Hello. My name is Heather. And I have a problem with Lent.
Before you sharpen your pencils to compose a blistering letter to our esteemed editor recounting my heresies, I humbly implore you to please hear me out.
I know all about the regulations and practices and have heard countless suggestions for having the BEST. LENT. EVERRR. I understand that the Church, in Her wisdom, provides us with this designated time of prayer, fasting, and almsgiving as an opportunity and a gift. As one who enjoys opportunities and gifts, I am totally on board. Goodness – I actually like Lent, in theory, and often in practice – especially when I can continue consuming bacon and gelato and social media. I’ll even go on record as being pro-Lent. And yet, I have struggled with discerning and maintaining my personal Lenten observances.
My theory is that my difficulty with Lent was rooted in a skewed notion of what the season is actually intended to accomplish. As an example, let’s look at my approach to fasting.
Over the years, I’ve attempted to give up just about everything – sweets, screens, sanity – you name it. And I think I knew, at least in the back of my mind, that I was sacrificing something I enjoyed to become closer to God. But I don’t think that half-praying, half-crying, “Dear God, when will it be Easter so I can eat chocolate/drink coffee/indulge myself?!” several times a day for 40 days straight is what our Lord had in mind.
In case I didn’t scare you off with my first post and you’ve returned for even more unexpected joy, I must confess that, while things improved over yesterday, there was lots of residual (and some new) funk in the air today. So, in an effort to shake that funk up, my husband and decided to have a much-needed at-home date night. After the week we’ve had it was most welcome.
Here’s our recipe for an easy do-it-yourself date night at home in eight easy steps:
Go to the nearest Trader Joe’s.
Head to the freezer section.
Select and purchase lots of food that looks good to you that your children aren’t interested in eating (i.e. spelt risotto, crispy coconut shrimp, French country potatoes, stuffed mushrooms).
Make fun dinner for children (pizza, pancakes, leftovers – aka “Basque Night”) to eat a bit earlier than usual.
Put children down for bed a bit early (change the clocks if you must).
Begin cooking together (unless one of you is horrible at it; then just pretend to work together, but be nice).
Make the table look nice (remove crayon marks, perhaps use a clean placemat, remove crusty cheerios from chairs).
Sit down, breathe, enjoy.
Good company, delicious food, excellent conversation, no huge restaurant bill, you don’t have to pay a babysitter, and you don’t have to get out of your sweats if you don’t want to = success. Praising God for the unexpected joy of quality time today with the man I love.
Confession: I haven’t always lived the shiniest life ever. As Freddie Mercury so emphatically sang, ” … and bad mistakes/I’ve made a few.” Or five hundred.
But since my reversion process began, with many starts and pauses along the way, I’ve really tried to walk as a child of the light, and part of that walk, for me, means taking care of myself by not smoking, not drinking to excess, not using illicit drugs, and staying true to my marriage vows.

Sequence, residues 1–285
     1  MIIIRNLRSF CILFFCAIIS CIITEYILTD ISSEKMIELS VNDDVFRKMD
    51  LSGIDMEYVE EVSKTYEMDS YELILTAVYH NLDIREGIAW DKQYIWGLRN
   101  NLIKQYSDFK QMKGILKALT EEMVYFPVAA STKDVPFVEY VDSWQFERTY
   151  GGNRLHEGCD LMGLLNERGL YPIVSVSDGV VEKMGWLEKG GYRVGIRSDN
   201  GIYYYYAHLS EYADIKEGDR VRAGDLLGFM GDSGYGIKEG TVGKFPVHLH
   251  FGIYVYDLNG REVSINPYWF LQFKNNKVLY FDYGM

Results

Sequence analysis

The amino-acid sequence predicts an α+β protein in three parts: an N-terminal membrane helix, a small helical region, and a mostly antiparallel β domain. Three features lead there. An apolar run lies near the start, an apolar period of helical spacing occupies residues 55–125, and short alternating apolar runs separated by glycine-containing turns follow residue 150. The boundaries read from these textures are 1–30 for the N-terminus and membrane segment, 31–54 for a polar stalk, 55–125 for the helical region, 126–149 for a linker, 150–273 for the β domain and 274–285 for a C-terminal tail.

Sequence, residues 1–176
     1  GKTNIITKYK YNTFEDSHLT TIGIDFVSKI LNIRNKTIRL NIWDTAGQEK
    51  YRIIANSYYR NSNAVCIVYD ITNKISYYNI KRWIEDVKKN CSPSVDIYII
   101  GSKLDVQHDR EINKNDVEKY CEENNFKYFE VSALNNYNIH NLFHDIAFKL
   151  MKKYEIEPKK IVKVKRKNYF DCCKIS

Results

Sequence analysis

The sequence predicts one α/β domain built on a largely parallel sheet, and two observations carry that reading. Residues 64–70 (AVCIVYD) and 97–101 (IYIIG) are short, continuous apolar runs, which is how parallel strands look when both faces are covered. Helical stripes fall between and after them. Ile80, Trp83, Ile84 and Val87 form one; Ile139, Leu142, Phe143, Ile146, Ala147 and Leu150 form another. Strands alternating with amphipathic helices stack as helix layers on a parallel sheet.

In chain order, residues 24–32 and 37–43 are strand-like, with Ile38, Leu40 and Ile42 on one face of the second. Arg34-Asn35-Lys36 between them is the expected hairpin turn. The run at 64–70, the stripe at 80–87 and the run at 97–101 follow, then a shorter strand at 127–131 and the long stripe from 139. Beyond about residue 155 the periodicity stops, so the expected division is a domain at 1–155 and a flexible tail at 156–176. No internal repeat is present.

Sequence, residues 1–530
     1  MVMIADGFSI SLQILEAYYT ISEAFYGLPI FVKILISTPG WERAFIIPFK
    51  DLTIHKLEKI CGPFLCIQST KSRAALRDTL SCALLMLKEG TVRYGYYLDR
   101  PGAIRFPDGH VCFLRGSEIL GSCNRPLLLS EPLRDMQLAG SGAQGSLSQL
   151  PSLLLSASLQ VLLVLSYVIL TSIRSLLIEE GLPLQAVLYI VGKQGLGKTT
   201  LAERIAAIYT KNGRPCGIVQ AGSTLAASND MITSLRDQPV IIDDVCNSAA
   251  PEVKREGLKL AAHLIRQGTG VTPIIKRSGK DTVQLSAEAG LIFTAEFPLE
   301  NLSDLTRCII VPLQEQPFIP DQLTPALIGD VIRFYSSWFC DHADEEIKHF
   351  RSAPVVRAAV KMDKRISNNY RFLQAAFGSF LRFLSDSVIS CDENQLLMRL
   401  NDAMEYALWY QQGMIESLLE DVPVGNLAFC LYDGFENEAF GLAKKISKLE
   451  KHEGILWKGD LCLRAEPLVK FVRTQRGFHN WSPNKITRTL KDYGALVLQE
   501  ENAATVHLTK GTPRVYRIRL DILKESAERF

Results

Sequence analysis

Am I perfect? Excuse me while I go laugh myself completely off the page. No. I am absolutely not perfect. Just ask my husband and my children. But I keep trying. And trying. And trying. Ad nauseum. My Mom used to tell me growing up that saints keep trying while sinners give up. Well, I haven’t completely given up yet. I surely have a long way to go, but I hope it’s a shorter climb than it was when I was living as a agnostic hedonist 20 years ago.
And there are plenty of temptations, even as a mostly clean-living person. That used to surprise me: “I’m doing the right things! I love Jesus! I pray! I go to Mass every Sunday! I go to Confession! Why am I still being tempted?!” After some prayerful reflection, however, the ongoing temptations made so much sense: Of course I’m being tempted. Usually the enemy will try to get you where he’s gotten you before, and if you aren’t vigilant, BOOM! You’re taken completely off-guard by temptation that you thought you’d conquered years (or months or days) ago. The enemy of our souls doesn’t want us in the game of life at all, and especially not a life surrendered to Jesus, so he’ll use whatever he possibly can to take us out of the game.
Usually any desire I have to backslide is eventually trumped by my desire for Heaven.
Except. I still struggle. For several years now – maybe even for most of my life – the devil has been doing whatever he can to keep me out of the game using something that we all need to survive: food.
It’s not like there’s something morally wrong with food, as can be argued with other addictions. If someone handed me a bottle of vodka, I could graciously decline by saying, “No thanks, I’m cool.” I don’t NEED alcohol to survive, although after long days with lotsa kids, it surely can feel like it! 😉 But with food, man, it’s hard. We need food to survive. Granted, do I need mint M&Ms and pork rinds and chocolate cake to survive? No. But the stuff that nourishes always seems to be right next to the stuff that doesn’t on the buffet table. And so I take some. And eat it. And then I want more, so I eat more. And then I feel badly. So I eat more again. And on and on it goes.